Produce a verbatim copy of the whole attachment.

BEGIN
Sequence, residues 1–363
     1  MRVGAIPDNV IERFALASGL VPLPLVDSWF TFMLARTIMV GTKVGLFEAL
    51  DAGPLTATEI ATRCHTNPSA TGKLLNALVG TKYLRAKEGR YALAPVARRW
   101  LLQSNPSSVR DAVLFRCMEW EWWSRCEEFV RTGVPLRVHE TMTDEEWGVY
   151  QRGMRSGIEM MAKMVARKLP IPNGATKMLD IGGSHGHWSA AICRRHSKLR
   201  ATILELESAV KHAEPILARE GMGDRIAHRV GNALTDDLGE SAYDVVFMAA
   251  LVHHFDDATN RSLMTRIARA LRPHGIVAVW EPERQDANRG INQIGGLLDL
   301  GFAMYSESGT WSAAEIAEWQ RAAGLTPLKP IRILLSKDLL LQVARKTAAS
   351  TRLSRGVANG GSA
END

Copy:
Sequence, residues 1–363
     1  MRVGAIPDNV IERFALASGL VPLPLVDSWF TFMLARTIMV GTKVGLFEAL
    51  DAGPLTATEI ATRCHTNPSA TGKLLNALVG TKYLRAKEGR YALAPVARRW
   101  LLQSNPSSVR DAVLFRCMEW EWWSRCEEFV RTGVPLRVHE TMTDEEWGVY
   151  QRGMRSGIEM MAKMVARKLP IPNGATKMLD IGGSHGHWSA AICRRHSKLR
   201  ATILELESAV KHAEPILARE GMGDRIAHRV GNALTDDLGE SAYDVVFMAA
   251  LVHHFDDATN RSLMTRIARA LRPHGIVAVW EPERQDANRG INQIGGLLDL
   301  GFAMYSESGT WSAAEIAEWQ RAAGLTPLKP IRILLSKDLL LQVARKTAAS
   351  TRLSRGVANG GSA